The leaders of the Legislature’s budget committee didn’t like it last week when Gov. Tony Evers tried to pressure them to release money that’s in the state budget to help the homeless across Wisconsin.
Sen. Alberta Darling, R-River Hills, and Rep. John Nygren, R-Marinette, wrote that the Democratic governor’s call for a special meeting of the Joint Finance Committee would have “a chilling effect on our ability to work together.”
We’re all for bipartisan cooperation at the statehouse. But Darling and Nygren need a reality check: What’s really going to be chilling are the freezing if not sub-zero temperatures for homeless people who are stuck outside this winter without housing.
That’s a much more chilling experience than anything Darling or Nygren face in their scheduling disagreement with Gov. Evers.
Thousands of people across Wisconsin, many of them single mothers with children, need help getting out of cold. A special report by the State Journal and other newspapers across the state showed with telling statistics and stories that state government is at a critical point in addressing this distressing problem. Our state spends — and does — far less than neighboring states such as Minnesota to ensure its citizens have a place to call home during harsh winters.
On this week's political podcast, Milfred and Hands sing satirical holiday songs, with lyrics by Rick Ho-Ho-Horowitz of Milwaukee. Santa Claus visits the podcast in his pajamas and seems unprepared for Christmas Eve. Newspaper courier Koffi Amuzu-Gassou joins our State Journal choir, telling about Christmas in Togo, Africa, where children run behind Santa's pickup.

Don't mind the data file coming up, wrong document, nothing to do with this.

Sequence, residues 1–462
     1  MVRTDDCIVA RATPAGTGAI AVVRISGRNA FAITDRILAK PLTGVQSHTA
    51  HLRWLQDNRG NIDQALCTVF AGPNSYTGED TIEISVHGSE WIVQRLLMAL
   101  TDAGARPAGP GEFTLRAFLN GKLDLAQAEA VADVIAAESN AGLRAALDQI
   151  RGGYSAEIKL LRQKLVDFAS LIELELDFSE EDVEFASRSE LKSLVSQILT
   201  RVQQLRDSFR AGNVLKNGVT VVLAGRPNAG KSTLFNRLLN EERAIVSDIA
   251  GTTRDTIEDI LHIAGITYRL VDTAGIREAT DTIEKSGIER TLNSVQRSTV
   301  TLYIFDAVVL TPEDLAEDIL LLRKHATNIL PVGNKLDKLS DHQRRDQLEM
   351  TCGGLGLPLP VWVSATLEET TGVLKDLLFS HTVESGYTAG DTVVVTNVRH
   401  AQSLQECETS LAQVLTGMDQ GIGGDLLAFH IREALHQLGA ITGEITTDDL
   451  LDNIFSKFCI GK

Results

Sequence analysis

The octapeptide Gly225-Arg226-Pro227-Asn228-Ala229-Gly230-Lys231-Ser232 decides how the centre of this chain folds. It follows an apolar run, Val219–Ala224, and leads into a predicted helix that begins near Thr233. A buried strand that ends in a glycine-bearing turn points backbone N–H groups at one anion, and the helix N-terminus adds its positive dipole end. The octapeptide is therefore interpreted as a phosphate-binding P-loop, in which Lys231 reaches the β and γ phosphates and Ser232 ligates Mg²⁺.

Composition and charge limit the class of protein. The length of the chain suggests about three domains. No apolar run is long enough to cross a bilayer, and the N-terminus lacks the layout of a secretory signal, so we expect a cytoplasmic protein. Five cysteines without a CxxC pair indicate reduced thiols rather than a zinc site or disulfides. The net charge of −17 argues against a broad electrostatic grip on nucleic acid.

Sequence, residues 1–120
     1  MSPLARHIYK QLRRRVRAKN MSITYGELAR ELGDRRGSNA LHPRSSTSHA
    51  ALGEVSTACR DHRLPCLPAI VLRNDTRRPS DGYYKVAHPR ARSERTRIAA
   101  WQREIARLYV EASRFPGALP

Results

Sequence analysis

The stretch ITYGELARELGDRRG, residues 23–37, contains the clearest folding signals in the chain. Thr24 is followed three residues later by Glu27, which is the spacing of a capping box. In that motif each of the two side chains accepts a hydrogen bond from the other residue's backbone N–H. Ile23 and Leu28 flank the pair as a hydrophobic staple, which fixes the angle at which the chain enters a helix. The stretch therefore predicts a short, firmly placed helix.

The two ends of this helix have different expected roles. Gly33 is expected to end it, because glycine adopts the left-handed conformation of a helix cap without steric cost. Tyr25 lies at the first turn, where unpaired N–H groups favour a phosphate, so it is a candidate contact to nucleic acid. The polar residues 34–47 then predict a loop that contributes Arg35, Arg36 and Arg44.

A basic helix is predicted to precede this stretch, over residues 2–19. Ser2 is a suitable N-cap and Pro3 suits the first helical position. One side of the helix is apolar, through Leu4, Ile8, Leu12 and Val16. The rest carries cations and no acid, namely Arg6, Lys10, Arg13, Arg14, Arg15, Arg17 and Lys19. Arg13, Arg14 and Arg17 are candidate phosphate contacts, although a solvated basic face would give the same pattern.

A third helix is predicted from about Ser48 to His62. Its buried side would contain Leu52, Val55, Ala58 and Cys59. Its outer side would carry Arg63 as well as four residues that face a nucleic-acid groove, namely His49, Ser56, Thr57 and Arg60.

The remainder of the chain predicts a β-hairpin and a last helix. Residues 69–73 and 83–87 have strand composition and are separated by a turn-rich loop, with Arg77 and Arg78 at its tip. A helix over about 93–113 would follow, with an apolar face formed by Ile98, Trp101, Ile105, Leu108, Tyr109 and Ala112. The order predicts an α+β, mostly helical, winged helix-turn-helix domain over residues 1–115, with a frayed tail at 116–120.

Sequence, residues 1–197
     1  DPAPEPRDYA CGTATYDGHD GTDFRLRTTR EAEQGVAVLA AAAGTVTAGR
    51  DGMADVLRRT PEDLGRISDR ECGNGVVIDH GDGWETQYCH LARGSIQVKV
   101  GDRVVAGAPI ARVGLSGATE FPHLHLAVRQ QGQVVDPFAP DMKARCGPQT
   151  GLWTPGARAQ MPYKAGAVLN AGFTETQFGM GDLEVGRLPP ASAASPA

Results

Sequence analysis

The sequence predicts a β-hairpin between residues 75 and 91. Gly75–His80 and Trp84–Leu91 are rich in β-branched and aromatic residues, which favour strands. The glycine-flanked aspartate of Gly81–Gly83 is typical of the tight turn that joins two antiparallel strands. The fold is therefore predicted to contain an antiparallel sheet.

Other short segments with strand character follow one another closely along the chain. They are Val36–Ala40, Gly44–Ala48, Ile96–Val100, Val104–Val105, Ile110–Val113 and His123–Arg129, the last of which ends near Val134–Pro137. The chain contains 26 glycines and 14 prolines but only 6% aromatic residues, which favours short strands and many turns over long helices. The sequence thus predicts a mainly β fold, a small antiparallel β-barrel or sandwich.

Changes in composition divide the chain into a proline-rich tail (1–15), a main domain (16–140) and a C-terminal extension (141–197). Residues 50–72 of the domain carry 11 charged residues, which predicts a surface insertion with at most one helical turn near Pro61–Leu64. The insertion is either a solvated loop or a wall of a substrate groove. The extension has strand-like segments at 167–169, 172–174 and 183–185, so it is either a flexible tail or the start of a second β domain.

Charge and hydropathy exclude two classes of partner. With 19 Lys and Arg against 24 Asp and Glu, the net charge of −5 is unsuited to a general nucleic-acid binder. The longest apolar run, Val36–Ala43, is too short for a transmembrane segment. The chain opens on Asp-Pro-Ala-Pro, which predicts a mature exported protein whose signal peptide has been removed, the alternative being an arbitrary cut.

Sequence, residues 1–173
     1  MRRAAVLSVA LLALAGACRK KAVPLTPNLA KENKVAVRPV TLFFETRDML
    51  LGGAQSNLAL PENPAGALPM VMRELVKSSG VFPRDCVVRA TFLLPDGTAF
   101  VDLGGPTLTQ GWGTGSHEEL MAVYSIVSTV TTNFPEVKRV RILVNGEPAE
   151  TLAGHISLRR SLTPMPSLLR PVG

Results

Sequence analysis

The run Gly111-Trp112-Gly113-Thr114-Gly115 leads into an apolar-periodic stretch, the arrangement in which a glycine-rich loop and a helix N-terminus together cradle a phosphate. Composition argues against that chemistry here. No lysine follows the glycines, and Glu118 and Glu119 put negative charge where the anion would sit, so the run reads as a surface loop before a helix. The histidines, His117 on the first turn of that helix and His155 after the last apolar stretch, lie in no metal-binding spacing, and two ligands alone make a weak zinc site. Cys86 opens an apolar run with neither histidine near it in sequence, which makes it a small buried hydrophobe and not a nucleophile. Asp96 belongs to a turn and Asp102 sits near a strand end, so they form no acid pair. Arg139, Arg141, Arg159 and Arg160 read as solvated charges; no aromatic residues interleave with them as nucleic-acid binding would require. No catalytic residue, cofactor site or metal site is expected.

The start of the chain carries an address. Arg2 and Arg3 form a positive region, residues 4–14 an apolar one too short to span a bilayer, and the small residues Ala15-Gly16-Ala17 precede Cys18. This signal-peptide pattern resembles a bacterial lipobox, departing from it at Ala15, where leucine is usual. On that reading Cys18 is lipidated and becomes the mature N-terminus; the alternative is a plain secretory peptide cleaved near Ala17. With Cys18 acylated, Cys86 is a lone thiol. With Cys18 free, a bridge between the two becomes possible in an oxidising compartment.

The Republican-run state Assembly has approved eight bills to spend several million dollars from the state budget to help struggling people find housing, create more beds at emergency shelters, assist landlords with repairs to low-cost housing, and more.
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Darling has co-sponsored some of the homeless bills, including Assembly Bill 119, which would provide $500,000 more annually to homeless shelters. AB 119 has earned unanimous votes of approval from key committees in the Assembly and Senate.
Yet Senate Majority Leader Scott Fitzgerald, R-Juneau, absurdly claimed last week that the homeless bills don’t have enough votes to pass his house. These proposals were mostly created under former Republican Gov. Scott Walker’s administration, with then-Lt. Gov. Rebecca Kleefisch as a champion. Assembly Speaker Robin Vos, R-Rochester, called the bills “important” and “reasonable” last week.
A number of bills to combat homelessness passed the Assembly with broad bipartisan support. Unfortunately, the measures were never voted on in the Senate even though the bills probably had enough to support to pass.
Yet Fitzgerald and a small number of small-minded colleagues, including Sen. Duey Stroebel, R-Saukville, think they know better — even though they haven’t been involved or sought changes to the bills. Stroebel claims the proposals would be “throwing dollars at a complicated social problem.”
Stroebel is right about one thing — homelessness is complicated. But he’s wrong on the rest. The Wisconsin Interagency Council on Homelessness, created by Walker, has gone to great lengths to research best practices, get public input and ensure public dollars will be spent wisely.
Fitzgerald and Stroebel don’t seem to know much or care about the homeless. And they are stiffing desperate people during the holidays, when compassion for the less fortunate is supposed to be a priority.
Voters should demand action. The homeless problem isn’t going to be solved by ignoring it, which seems to be Fitzgerald and Stroebel’s flawed approach.
OUR VIEW: Thousands of desperate people need a hand up with winter arriving early